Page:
Dr. Saul Ebema
Many years ago when I first started my work in hospice care, the first few months were hard for me. I enjoyed my visits with the patients and their families but I struggled a lot emotionally on dealing with death, dying and the concept of “leaving work at work.”
When I arrived home after work, I would think about the patients I had visited that day and the challenges they were going through. Soon, I began to suffer from compassion fatigue.
I loved my job so much and I realized that for me to be successful in my work, I needed to balance my emotions and that’s why today I want to address the issue of emotional intelligence in Hospice care work.
Daniel Gutierrez and Patrick R. Mullen in their book “Emotional Intelligence and the Counselor” state that due to the intimate and emotional nature of counseling, counselors are often highly susceptible to counselor burnout.
Many articles have been written on how important it is for counselors to find strategies that mitigate stressful scenarios and prevent burnout.
Emotional intelligence is a preventative factor. It is defined as the ability to perceive and express emotions. It enables you as the hospice care worker to understand your own emotions and the patient’s emotions and then apply this understanding to the therapeutic process.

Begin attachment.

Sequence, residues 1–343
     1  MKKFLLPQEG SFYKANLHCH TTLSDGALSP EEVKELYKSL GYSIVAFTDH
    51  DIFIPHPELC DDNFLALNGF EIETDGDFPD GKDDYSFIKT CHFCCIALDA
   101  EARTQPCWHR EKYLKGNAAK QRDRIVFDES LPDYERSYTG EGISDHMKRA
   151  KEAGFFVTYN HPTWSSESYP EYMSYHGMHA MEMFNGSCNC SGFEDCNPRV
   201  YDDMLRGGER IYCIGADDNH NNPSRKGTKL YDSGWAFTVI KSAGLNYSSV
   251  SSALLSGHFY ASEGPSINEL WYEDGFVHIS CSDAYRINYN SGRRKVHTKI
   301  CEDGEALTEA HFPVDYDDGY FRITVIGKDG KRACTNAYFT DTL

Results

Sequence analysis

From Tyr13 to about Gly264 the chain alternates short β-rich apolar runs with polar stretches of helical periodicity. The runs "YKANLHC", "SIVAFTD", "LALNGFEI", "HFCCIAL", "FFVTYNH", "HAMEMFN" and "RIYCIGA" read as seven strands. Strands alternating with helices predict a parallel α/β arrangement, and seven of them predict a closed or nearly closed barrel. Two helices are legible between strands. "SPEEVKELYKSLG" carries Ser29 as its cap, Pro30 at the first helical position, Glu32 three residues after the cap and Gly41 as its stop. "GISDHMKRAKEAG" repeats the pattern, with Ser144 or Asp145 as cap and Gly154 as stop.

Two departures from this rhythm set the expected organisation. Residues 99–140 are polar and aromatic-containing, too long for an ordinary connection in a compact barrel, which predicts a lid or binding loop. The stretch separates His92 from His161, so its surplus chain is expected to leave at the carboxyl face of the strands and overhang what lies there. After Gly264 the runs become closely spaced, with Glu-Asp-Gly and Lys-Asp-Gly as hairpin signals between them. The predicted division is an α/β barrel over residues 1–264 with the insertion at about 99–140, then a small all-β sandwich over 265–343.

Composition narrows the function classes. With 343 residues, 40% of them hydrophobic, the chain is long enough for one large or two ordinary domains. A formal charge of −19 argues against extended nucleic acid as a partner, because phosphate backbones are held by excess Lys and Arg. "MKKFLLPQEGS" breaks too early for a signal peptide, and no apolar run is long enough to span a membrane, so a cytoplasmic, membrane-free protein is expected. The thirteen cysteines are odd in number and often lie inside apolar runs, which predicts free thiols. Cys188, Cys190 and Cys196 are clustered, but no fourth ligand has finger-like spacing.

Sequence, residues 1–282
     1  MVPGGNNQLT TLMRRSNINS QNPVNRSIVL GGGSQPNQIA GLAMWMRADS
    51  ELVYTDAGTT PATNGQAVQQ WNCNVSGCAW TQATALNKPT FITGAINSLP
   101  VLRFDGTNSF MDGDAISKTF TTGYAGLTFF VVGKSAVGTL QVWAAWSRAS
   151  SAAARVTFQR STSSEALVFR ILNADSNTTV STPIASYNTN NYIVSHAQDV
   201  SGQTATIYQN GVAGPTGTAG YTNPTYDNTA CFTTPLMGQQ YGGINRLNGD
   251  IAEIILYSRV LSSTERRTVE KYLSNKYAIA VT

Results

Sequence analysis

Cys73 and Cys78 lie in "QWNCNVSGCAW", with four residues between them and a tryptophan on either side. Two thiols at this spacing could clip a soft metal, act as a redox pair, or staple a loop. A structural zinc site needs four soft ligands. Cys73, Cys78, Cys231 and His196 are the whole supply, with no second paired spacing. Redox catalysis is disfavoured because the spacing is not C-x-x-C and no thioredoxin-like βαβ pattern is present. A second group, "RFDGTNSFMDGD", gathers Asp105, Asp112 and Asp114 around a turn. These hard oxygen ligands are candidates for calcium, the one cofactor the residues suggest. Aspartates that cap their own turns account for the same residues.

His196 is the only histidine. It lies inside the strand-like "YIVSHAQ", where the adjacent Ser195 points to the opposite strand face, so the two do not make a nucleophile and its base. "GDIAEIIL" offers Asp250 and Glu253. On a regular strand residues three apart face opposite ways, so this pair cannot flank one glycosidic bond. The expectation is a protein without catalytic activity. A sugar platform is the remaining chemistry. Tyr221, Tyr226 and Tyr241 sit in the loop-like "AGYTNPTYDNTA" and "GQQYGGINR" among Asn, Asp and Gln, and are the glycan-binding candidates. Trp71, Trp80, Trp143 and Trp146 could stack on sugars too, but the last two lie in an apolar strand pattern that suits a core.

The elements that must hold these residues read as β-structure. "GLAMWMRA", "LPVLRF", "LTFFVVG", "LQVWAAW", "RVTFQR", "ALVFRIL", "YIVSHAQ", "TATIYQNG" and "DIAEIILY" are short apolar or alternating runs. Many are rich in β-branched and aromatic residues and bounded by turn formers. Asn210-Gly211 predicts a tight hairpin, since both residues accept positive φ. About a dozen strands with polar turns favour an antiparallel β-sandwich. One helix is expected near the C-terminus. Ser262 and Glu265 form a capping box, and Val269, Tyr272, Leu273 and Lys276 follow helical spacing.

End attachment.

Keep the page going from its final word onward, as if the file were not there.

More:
Hospice care providers who understand or are sensitive to their emotions and the level to which their emotions affect them and the patients they provide care for will be more effective counselors.
Daniel Goleman in his 1995 publication “Emotional Intelligence: Why it can matter more than IQ” described emotional intelligence as having five parts:
- Self-awareness: Recognizing one’s moods and emotions and their effect on others.
- Self-regulation: Using emotional knowledge to prevent moods or emotions from causing impulsive behavior.
- Internal motivation: Taking action or making decisions as a result of an inner drive (rather than for immediate rewards such as monetary gain). This drive can be based on optimism, curiosity, ambition, or personal ideals.
- Empathy: Understanding the emotions of others and using this knowledge to respond to people based on their emotional state.
- Social skills: Using one’s emotional intelligence to establish strong relationships and facilitate interactions with peers.
What can you as a hospice care worker do to enhance your emotional intelligence?
- Understand your emotions- your feelings as they happen. Be in touch with your feelings. A chaplain needs to assess his/her feelings.
- Understand Emotional Meanings.
- Develop empathy- your ability to understand other people’s emotions will help you help them better
- Use Emotions to Facilitate Thinking.
- Learn how to embrace your emotions and use it well to the benefit of the counseling process. When you are sensitive to the patient’s needs and manage your emotions well, you are bound to be effective.
- Embrace your feelings and the feelings of others
According to our Hospice Chaplaincy survey, we’ve found that chaplains with higher ratings of Emotional Intelligence achieved better counseling outcome results and lower drop-out rates from the profession compared with Hospice chaplains with lower ratings of Emotional Intelligence. These Findings offer preliminary support for the relevance of developing a stronger emotional intelligence.